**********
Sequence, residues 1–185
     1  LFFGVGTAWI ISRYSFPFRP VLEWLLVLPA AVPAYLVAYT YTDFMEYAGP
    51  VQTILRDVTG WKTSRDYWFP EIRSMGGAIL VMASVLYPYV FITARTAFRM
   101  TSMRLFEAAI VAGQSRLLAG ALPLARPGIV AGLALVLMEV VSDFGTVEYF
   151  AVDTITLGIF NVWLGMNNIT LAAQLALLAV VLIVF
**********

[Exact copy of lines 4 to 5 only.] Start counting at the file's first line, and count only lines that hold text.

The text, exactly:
   101  TSMRLFEAAI VAGQSRLLAG ALPLARPGIV AGLALVLMEV VSDFGTVEYF
   151  AVDTITLGIF NVWLGMNNIT LAAQLALLAV VLIVF